Some Days in Damascus


I am grateful to him who has strengthened me, Christ Jesus our Lord, because he considered me trustworthy in appointing me to the ministry.  Once I was a blasphemer and a persecutor of the Church, an arrogant man.  But I have I have been treated mercifully because I acted out of ignorance in my unbelief.  Truly the grace of our Lord has been abundant, along with the faith and love that I have received in Christ Jesus. [i]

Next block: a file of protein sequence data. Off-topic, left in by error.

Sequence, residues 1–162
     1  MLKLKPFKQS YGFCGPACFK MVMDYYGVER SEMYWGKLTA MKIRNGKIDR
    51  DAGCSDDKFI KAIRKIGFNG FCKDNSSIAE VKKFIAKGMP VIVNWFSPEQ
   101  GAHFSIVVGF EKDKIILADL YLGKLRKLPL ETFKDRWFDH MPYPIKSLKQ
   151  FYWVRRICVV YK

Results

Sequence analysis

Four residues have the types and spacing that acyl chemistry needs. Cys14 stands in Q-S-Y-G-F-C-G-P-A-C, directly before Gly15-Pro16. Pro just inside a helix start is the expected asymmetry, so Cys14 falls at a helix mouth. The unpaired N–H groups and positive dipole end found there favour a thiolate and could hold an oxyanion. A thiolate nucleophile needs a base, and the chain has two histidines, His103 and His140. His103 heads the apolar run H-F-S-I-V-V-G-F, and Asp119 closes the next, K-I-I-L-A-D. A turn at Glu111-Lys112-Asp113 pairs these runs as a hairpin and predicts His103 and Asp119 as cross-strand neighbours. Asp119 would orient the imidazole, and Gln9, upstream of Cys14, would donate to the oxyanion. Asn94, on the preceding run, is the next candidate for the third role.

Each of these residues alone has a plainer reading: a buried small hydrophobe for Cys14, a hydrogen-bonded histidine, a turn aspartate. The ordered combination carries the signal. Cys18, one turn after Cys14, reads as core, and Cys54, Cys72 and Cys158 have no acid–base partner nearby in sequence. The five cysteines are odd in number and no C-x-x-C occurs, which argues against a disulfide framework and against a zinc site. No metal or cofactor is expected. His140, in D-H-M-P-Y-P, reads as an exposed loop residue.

Saint Paul’s induction into the Damascene church caused no little contention among its members.  Questions arose and they deliberated vociferously.  Many voted to accept him; others wanted him expelled.  Some of the disciples recognized him from the Synagogue of the Freedmen in Jerusalem, where the Greek-speaking Jews from Cilicia, Paul’s home region, and Alexandria gathered to study the law and to debate, all of them bested by Stephen, a superior preacher and a servant of the Church.  They suspected that Paul’s change of heart was a ruse, orchestrated by him and his companions to infiltrate the Church for to slap its members in fetters of iron and haul them back to Jerusalem to stand trial before the Sanhedrin.  Wasn’t that why he had come to Damascus?   A wolf comes only to steal and to slaughter and to destroy and Paul of Tarsus was a ravenous wolf who had donned sheep’s clothing.  It would not be easy for him to change their minds.  The saints feared a reprisal of what had taken place at Jerusalem in the weeks prior to Paul’s arrival in Damascus.  Another wave of persecution would force them to flee from the city further into the Diaspora and again the flock would be scattered.  Already their existence in these cities seemed tenuous even as the number of disciples continued to grow.  Many more persecutors waited to depart from Jerusalem with orders from the high priest to capture or to kill the followers of the Way.